March 23rd, 2015
I’m still meditating on Gemmell’s piece On blogs a few days after reading it.
Instead of a blog, let your site be a site. Or a journal. An online anthology. Your collected works. Your essays, to date. Your body of writing. A blog is a non-thing; it’s the refusal to categorise what you produce, and an implicit opt-in to the disappointing default.
He’s right, of course. Not all blogs are just weblogs. For example, I do not consider The Watercolor Gallery a blog at all. I consider it an online gallery of watercolor paintings that inspire me. Along with a few interviews, videos, and art spaces. However, it is built just like a blog using the exact same tool that I use to run this site… my site… which has a blog in it.
I think a lot of sites started out as a weblog and have matured both in scope and quality to become much less amateur and much more worthy of a new name. But I don’t know if there is a unified word we can use to describe any one of them.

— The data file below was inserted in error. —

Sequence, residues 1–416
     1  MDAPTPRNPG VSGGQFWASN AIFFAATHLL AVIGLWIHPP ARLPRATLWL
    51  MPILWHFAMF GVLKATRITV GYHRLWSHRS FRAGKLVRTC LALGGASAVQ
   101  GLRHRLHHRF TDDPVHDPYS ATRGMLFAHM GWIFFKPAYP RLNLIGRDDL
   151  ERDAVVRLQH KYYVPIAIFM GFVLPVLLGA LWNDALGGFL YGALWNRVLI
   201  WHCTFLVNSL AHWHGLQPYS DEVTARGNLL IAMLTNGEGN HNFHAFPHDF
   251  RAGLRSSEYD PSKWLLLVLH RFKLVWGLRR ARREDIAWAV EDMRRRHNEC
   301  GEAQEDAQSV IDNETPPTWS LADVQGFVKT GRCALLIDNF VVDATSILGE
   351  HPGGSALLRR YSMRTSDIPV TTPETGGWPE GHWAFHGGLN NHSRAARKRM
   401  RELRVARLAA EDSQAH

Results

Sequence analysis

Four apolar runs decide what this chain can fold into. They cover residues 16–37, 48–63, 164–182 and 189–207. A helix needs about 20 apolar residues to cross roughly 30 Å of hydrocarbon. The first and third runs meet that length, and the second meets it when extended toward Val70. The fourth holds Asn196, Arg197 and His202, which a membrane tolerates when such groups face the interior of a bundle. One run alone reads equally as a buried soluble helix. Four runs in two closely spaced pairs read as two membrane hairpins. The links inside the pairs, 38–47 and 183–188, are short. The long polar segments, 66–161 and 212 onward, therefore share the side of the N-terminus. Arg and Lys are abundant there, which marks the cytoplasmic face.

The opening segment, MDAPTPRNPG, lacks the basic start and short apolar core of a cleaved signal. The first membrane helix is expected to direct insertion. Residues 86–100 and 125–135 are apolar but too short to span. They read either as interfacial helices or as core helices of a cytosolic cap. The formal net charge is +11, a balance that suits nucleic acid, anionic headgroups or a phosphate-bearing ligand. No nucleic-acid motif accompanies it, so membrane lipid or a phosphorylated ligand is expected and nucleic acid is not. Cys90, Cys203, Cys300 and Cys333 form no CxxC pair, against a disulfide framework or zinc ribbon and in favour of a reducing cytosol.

Daring Fireball went from a site about the personal musings of its author to a site that generates well over half-a-million dollars per year and exclusively announces books. Kottke.org went from just a blog of interesting things to the way Jason made his living. I remember the day it happened.
I don’t think that a blog making money changes it from a blog to something else… but it certainly changes how the author decides to publish, curate, edit, etc. And I think that is the point of Gemmell’s piece. By calling it something else you’ll likely treat it differently. You’ll write things that mean more to you and thus deserve “better” URLs. You’ll hit publish on thoughts that you hope will stand the test of time rather than simply float off into the wind.
I agree with him. Saying that you’re publishing an online tech magazine (which is what a lot of the professional tech “bloggers” call their sites) makes you approach the writing a bit differently than if you were just blogging about tech. TechCrunch, Re/Code, Mashable are blogs. They just don’t generally refer to them that way. If it works for them maybe it could work for you too?
I still like the word blog for my blog. After years and years of posts it has absolutely no rhyme, reason, rhythm, or business model. And I’d like to keep it that way.